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Project to train 1,500 vulnerable citizens on online tools for better integration

By Ana V. Ibáñez Prieto - Mar 11,2018 - Last updated at Mar 11,2018

The Rawabet project is launched by Jordanian community based organisation Ruwwad Al Tanmeya in Amman on Sunday (Photo courtesy of Bidaya Corp/ Ruwwad Al Tanmeya)

AMMAN — Over 1,500 youth, women and people with disabilities are set to learn how to use new technologies which will help them participate more actively in the social, economic and political life.

"Rawabet: Technological Bridges for Citizen Engagement" is a new three-year project recently launched by the Jordanian community-based organisation (CBO) Ruwwad Al Tanmeya, in cooperation with the Canadian non-profit organisation Equitas.

The initiative will bring together young leaders from Jordan, Tunisia, Morocco and Egypt in order to teach trainees how to use online tools and action research to promote social and economic rights.

“This initiative is aligned with Ruwwad’s programmatic approach, which focuses on building youth’s skills and collective capacity through access to education, citizen engagement and grassroots organising," Ruwwad Regional Director Samar Dudin told The Jordan Times, noting that "the project will enhance the skills and civic responsibility of 32 youth in East Amman, who will be launching neighbourhood initiatives to mobilise another 550 community members".

“The selected young leaders will be receiving online education in order to achieve a deeper understanding of how to provide community based action from the perspective of individuals suffering from specific issues,” Dudin continued, adding that the young leaders will also “learn how to engage in communication with decision makers in the municipalities, civil society organisations and media”.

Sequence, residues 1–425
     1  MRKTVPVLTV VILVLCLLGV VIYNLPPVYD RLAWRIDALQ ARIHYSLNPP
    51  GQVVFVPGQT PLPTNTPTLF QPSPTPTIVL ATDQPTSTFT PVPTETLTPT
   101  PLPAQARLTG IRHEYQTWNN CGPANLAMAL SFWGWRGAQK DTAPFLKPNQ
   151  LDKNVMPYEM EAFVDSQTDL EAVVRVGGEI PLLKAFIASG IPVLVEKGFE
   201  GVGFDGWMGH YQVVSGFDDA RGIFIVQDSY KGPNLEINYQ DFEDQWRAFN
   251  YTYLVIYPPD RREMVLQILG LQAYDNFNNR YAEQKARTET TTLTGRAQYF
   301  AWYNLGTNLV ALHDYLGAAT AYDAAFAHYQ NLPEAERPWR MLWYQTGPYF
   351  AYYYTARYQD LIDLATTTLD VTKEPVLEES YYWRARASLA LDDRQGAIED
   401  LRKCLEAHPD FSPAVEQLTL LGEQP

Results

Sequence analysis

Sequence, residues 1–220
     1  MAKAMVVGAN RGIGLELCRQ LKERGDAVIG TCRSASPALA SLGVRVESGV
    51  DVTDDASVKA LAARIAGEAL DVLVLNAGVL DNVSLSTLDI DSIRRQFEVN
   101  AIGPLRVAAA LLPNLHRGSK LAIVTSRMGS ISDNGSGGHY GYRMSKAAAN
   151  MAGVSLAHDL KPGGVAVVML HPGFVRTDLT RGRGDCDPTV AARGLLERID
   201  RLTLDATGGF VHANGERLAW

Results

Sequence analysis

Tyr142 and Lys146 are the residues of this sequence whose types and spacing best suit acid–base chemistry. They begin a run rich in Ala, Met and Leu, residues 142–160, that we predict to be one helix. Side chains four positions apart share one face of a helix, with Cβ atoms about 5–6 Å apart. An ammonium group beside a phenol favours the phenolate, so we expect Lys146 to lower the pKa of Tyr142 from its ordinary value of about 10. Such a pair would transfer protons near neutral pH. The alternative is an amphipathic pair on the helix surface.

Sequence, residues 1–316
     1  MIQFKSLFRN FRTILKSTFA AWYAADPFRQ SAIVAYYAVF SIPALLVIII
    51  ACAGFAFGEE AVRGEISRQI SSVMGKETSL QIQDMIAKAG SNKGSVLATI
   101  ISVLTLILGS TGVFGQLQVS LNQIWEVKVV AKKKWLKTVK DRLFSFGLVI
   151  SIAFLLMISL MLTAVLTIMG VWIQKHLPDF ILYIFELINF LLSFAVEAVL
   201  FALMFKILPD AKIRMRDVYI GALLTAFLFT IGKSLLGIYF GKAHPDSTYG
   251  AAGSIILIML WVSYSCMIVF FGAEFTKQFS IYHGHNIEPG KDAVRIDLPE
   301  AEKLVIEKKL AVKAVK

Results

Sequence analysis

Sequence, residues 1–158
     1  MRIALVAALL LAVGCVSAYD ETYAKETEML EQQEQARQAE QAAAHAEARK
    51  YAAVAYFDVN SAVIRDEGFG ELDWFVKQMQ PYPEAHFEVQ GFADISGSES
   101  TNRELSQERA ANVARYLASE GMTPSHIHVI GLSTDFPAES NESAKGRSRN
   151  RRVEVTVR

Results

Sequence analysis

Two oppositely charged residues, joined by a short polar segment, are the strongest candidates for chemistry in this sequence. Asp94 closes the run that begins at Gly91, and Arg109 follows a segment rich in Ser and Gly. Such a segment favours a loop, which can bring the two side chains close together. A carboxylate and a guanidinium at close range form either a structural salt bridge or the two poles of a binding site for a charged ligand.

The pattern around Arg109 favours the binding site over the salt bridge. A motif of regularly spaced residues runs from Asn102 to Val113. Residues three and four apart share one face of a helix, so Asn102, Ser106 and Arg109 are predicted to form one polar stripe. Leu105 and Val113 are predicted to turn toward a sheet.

“Our aim is to help young people initiate change within their communities through conversation with both decision makers and those suffering from local issues,” she pointed out, stressing that “the goal is to contribute to building inclusive communities that take into account youth, women, and persons with disabilities”.

For his part, Equitas Executive Director Ian Hamilton said that “the new initiative stands for 'connection', which is what it is creating today with the Jordanian youth", expressing that "at a time when voices of youth, women and other marginalised groups remain largely unheard, working with Ruwwad for the next three years will help remove barriers to meaningful participation and empower these groups".

The partnership between Ruwwad and Equitas goes back to 2010, with the implementation of the educational toolkit "Play It Fair", aimed at helping children understand human rights values through games.

"Our long term relationship with Equitas is based in our commitment to a human rights based approach, and our belief in the idea that educating with such approach is essential in developing a new generation inclusive of all identities," Dudin said. 

The collaboration between both organisations also included reinforcing youth social responsibility and participation in children’s literacy programmes in East Amman schools, where over 200 children have benefited from youth-led activities. 

Funded by the Government of Canada through Global Affairs Canada, the new project also includes the Centre for Victim of Torture — New Tactics Programme, the Association Marocaine Pour l’Éducation de la Jeunesse-Fes, Centre Tunisien Méditerranéen and the Horus Foundation for Training and Development.

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